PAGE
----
gord-downie-in-tears

Gord Downie.

BPAC’s annual Cultural Diversity Festival will begin with its yearly fundraising performance LEGACY: A Tribute to Gord Downie in support of the Downie-Wenjack Fund, featuring Hamilton native TOM WILSON, Indigenous duo TWIN FLAMES, and more, on Thursday, October 15th and Friday, October 16th.

On October 17th and 18th audiences will be treated to BENEATH SPRINGHILL: The Maurice Ruddick Story, about the racial tensions that surfaced in a rural community as a result of a mining disaster, written and performed by Stratford actor Beau Dixon, who seamlessly plays 10 vivid characters. BPAC will also present four performances of DRAG QUEEN MUSIC BINGO with Fluffy Soufflé – each one featuring a different era of music, and tons of exciting prizes to be won!

Two events that had been scheduled for the second half of BPAC’s 19/20 Season, which had to be canceled due the pandemic, have been rescheduled – jazz artist ELISE LEGROW on October 25th and singer/songwriter KEVIN FOX: Songs for Cello & Voice on November 1st.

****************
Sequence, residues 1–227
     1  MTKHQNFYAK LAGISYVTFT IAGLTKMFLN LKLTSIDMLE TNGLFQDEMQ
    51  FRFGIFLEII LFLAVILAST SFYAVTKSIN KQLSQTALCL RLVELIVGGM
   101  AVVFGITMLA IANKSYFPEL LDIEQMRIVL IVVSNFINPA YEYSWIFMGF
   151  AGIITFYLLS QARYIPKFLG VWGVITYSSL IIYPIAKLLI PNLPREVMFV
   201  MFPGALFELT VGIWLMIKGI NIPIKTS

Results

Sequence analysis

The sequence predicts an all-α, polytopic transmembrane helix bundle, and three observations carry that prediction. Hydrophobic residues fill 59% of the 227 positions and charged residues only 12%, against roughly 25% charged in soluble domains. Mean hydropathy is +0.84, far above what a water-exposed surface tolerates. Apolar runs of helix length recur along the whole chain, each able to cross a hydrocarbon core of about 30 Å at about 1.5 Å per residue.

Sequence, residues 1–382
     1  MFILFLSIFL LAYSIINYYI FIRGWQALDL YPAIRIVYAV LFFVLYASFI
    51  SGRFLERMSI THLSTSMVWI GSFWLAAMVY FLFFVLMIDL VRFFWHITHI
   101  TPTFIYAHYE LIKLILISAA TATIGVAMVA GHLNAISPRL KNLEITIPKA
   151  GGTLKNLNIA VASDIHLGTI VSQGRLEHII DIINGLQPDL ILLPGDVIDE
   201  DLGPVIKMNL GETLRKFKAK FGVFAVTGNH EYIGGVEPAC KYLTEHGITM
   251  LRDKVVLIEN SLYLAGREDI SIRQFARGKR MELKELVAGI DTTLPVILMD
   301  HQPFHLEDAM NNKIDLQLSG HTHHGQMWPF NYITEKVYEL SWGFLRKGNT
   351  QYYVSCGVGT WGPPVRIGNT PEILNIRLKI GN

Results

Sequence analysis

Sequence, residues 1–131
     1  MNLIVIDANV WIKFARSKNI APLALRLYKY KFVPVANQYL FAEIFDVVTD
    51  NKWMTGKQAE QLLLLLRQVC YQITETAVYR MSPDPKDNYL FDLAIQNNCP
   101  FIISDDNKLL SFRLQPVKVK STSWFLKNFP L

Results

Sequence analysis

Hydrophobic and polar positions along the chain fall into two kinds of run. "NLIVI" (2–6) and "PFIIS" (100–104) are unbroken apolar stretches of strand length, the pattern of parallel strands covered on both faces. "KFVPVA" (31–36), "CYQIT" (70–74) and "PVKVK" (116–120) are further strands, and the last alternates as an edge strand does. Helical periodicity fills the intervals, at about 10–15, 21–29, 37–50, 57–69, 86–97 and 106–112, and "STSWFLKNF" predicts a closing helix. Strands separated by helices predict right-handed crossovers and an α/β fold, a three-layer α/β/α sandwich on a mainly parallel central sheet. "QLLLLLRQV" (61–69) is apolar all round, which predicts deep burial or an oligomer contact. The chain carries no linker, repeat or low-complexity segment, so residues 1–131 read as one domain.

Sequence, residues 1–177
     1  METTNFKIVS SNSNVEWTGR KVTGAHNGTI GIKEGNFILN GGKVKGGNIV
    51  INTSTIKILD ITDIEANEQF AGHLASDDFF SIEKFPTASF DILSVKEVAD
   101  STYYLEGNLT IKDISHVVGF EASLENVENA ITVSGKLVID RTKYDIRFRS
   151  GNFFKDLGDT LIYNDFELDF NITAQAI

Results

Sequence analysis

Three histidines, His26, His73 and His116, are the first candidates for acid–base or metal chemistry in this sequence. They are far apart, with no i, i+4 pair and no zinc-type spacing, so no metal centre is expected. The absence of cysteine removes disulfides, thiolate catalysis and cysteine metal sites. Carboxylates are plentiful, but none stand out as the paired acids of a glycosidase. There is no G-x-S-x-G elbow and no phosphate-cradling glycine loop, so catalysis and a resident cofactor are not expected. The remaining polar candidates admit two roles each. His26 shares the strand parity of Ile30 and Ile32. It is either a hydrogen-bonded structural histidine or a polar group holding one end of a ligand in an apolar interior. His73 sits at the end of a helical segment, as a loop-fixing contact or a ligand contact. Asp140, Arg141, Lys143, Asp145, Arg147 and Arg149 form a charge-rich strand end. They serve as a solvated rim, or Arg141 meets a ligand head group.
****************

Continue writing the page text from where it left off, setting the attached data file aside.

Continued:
Sean Cullen

Comedian Sean Cullen

Toronto mainstay the ALTdot COMEDY LOUNGE will be presented at BPAC for the first time, in a series of performances over October 30th, 31st and November 27th and 28th. The October 30th performances will feature actor-comedian SEAN CULLEN with host ALI HASSAN.

Other performances will include comics Nigel Grinstead, Keith Pedro, Peter White, Patrick Haye and more.

Multiple Juno-Award winner SARAH SLEAN takes the stage on Saturday, November 7th and CBC Radio host and BPAC favourite TOM ALLEN presents A POE CABARET on Sunday, November 8th.

Classical pianist LESLIE KINTON Celebrates Beethoven on November 29th and Talk is Free Theatre will present INTO THE WOODS In Concert, a ‘lightly staged’ musical theatre production featuring both professional performers and 27 local youth from December 3rd to 12th.

The firsttwopeople to enter the Mian Theatre for a paid performance hand their tickets to an usher.